MEASURES OF CREDIT SPREAD:
Yield Spread is the difference between the yield-to-maturity of a risky bond and the yield-to-maturity of an on-the-run treasury benchmark bond with similar but not necessarily identical maturity.
YTM is the constant discount rate which, when applied to the bond’s cash flows, re-prices the bond.
* An investor who buys a bond can achieve a return equal to the YTM if the bond is held to maturity and if all coupons can be reinvested at the same rate as the YTM. In practice, this is difficult if not impossible to achieve since changes in the credit quality of the issuer may cause yields to change through time. As many ...view middle of the document...
However, the 5 year on-the-run treasury security would have changed multiple times in 5 years. As a result, yield spread is not a consistent measure through time.
* The YTM and yield-spread measures are only rough measures of return and therefore, credit risk. In no way do they actually measure the realized YTM of holding the asset.
* As a result, the yield spread should only be used strictly as a way to express the price of a bond relative to the benchmark, rather than a measure of credit risk. The only time when it may become useful is if the asset and Treasury are both trading at or very close to par. In this case, the YTM of the risky (defaultable) bond and treasury are close to their coupon values and the yield spread is a measure of the annualized carry from buying the defaultable bond and shorting the Treasury.
To overcome the issue of the maturity mismatch in the yield spread above, it is possible to use a benchmark yield where the correct maturity yield has been interpolated off the appropriate reference curve. Rather than choose a specific reference benchmark bond, the idea is to use a reference yield curve which can be interpolated.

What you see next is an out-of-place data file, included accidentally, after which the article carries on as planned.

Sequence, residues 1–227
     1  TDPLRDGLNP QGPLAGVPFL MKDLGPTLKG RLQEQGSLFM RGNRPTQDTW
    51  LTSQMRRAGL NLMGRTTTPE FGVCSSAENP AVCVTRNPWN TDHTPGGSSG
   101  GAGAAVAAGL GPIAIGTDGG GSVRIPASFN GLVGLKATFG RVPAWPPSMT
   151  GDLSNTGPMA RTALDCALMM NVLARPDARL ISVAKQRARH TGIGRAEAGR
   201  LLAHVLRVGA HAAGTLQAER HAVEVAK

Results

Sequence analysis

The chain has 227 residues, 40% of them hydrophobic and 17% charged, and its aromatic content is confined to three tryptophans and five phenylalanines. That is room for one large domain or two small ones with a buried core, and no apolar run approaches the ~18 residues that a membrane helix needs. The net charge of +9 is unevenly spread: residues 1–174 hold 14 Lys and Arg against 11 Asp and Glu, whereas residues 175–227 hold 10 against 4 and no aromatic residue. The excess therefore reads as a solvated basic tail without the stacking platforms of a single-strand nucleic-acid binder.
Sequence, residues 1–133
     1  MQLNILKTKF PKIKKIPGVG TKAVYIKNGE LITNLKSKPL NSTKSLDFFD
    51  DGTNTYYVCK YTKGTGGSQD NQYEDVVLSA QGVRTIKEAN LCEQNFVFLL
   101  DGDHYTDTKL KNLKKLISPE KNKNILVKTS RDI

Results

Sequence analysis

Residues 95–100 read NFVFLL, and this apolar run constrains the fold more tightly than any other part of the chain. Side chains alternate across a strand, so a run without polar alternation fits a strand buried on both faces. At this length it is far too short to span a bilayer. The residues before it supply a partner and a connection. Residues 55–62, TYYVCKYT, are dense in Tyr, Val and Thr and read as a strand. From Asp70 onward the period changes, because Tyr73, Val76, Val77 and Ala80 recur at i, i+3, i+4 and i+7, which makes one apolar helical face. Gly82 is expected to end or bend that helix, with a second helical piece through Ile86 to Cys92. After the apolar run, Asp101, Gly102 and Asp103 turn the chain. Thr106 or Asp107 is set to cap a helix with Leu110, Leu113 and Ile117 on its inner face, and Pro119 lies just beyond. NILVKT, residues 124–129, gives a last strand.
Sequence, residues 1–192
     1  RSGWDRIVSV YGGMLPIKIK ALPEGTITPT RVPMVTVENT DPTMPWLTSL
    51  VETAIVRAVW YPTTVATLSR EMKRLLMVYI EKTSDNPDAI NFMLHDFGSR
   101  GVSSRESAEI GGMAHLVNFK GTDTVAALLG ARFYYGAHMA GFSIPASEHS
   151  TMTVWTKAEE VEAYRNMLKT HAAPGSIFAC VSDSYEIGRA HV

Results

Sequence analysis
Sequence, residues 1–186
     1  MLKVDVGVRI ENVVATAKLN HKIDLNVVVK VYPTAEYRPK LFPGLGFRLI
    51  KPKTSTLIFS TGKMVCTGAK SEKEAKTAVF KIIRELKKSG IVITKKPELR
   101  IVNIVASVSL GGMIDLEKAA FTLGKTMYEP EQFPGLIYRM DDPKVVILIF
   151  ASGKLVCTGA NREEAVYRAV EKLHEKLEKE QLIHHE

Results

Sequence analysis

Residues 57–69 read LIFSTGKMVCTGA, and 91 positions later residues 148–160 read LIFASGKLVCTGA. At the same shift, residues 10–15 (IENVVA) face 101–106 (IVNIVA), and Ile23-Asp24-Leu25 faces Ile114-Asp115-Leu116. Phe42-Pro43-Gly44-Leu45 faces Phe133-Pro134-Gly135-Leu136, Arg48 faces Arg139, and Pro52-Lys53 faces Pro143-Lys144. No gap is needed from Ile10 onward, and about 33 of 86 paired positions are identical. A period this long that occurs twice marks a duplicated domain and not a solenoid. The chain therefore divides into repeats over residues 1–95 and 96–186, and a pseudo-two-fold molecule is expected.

The Interpolated Spread (I-spread): is the difference between the YTM of the risky bond and the linearly interpolated yield to the same maturity on an appropriate reference curve, such as the treasury yield curve.
The simplest way to interpolate the yield off the treasury curve is to find two treasury bonds which straddle the maturity of the defaultable (risky) bond. It is then simple to linearly interpolate the YTM of these two treasury bonds to find the yield corresponding to the maturity of the credit-risky bond.
* Viewed purely as a yield comparison, I-spread gets around the problem of mismatched maturity when calculating the yield spread, but it does not necessarily correspond to the YTM of a traded reference bond (the interpolated treasury security does not exist).
* In addition, it inherits all the drawbacks of the YTM measure, and so should be interpreted as a way to express the price of the defaultable bond relative to a curve.
* I-spread does take into account the shape of the term structure of interest rates, but only in a very crude way.
* If the reference curve is upward sloping and the benchmark has a shorter maturity, then the I-spread will be less than the yield spread.
* If the reference curve is downward sloping and the maturity is shorter than that of the benchmark, then the I-spread will be greater than the yield spread.
Z-SPREAD (Zero Volatility, Static Spread):
The Z-spread is the static spread that can be added to the zero-coupon (spot rate) treasury or the swap-rate yield curve that will make the present value of the future payments (coupon and face value) equal to the current price of the bond. As opposed to a single-point on the yield curve, the Z-spread uses the...